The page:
Armed ViolenceNews

Kaduna Train Attack: Relatives Steer Negotiations As Nigerian Gov’t Assumes Passive Stance

The terror group responsible for abducting passengers on the Abuja-Kaduna train on Monday has started reaching out to relatives of the victims.

Some of the relatives of the passengers abducted on board the train moving between Nigeria’s capital, Abuja and Kaduna in the restive Northwest, have begun negotiations with the terror group behind the March 28 abduction. 

HumAngle understands that the terror group has initiated contact with relatives to demand ransom to facilitate the release of their loved ones.  

The attack, which occurred around 8 p.m. local time, involved explosives to halt the train around a valley. This was followed by a barrage of gunfire, assault, and abduction of a yet to be ascertained number of people. 

The attackers reportedly used several vehicles kept near the ambush point to move the victims. 

The Nigerian military secured the train after arriving at the location about an hour into the attack. The soldiers subsequently assisted the survivors and moved them to a nearby road before evacuation to Kaduna.

Several passengers injured in the attack are being treated at the Army’s 44 Reference Hospital in Kaduna. 

The abductors have begun reaching out directly to individual families despite a directive from the Nigerian President to security forces to rescue the passengers and conduct a hunt for the terrorists.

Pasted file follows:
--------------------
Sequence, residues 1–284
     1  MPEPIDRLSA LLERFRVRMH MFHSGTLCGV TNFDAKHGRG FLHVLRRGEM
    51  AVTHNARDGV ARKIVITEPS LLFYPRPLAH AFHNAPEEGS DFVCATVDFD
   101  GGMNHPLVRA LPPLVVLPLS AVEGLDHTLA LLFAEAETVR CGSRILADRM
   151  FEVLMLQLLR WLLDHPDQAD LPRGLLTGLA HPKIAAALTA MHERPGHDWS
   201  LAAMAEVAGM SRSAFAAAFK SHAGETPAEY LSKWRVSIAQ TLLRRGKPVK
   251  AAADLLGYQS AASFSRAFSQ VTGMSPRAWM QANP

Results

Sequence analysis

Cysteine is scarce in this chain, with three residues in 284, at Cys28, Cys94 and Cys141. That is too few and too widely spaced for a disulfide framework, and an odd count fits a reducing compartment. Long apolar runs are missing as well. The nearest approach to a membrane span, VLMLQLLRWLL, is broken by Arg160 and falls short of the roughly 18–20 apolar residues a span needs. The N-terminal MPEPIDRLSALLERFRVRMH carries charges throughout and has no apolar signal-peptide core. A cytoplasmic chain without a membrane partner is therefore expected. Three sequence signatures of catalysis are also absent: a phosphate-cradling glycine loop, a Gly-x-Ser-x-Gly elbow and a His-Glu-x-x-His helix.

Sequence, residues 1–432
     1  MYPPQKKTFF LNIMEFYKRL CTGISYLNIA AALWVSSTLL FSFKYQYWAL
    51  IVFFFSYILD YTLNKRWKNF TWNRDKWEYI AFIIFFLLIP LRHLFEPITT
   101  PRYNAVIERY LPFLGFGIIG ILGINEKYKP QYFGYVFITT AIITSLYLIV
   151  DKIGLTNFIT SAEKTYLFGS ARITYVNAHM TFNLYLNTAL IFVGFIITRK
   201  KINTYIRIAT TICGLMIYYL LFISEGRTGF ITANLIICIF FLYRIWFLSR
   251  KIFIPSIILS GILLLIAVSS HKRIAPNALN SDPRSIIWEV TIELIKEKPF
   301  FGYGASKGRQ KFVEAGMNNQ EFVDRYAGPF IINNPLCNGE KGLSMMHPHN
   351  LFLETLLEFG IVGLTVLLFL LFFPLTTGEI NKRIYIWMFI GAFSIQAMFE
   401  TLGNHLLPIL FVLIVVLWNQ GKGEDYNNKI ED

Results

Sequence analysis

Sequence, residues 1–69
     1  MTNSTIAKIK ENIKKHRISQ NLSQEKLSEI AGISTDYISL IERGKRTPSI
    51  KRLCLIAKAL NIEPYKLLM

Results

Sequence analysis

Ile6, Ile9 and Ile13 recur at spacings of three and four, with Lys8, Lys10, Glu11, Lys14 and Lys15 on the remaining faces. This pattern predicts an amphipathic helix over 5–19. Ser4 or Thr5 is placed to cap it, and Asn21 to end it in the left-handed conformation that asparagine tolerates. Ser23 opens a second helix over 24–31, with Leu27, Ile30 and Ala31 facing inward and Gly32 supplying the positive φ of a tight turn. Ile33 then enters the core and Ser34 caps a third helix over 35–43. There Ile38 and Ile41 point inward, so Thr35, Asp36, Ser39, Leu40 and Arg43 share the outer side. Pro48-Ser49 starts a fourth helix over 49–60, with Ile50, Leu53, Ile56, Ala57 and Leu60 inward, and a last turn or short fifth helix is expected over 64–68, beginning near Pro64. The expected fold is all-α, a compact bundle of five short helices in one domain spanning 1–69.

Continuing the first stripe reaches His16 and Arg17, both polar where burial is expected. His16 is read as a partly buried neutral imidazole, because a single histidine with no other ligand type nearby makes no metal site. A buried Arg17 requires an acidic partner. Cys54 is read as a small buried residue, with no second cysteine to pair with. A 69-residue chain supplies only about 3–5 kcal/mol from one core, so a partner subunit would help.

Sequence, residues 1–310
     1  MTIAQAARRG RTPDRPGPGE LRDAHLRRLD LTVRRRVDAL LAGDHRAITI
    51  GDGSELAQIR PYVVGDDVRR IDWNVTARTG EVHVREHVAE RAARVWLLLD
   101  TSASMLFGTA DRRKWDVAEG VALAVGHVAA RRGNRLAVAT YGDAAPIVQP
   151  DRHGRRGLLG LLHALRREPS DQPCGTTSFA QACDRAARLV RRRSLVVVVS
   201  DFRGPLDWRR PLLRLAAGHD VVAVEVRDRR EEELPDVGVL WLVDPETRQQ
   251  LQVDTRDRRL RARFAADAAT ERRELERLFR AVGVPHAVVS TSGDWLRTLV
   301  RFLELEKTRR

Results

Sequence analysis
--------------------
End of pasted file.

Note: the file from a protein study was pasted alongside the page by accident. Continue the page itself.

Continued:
The passive nature of the government towards negotiations and any potential rescue could create risks for the victims and the broader kidnapping epidemic ravaging the region. 
HumAngle has previously noted the risks associated with the absence of a hostage crisis lead agency and a negotiation framework. Alongside the impact on the recurring abductions by terror gangs notorious for targeting communities and commuters.

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Murtala Abdullahi

Abdullahi Murtala is a researcher and reporter. His expertise is in conflict reporting, climate and environmental justice, and charting the security trends in Nigeria and the Lake Chad region. He founded the Goro Initiative and contributes to dialogues, publications and think-tanks that report on climate change and human security. He tweets via @murtalaibin

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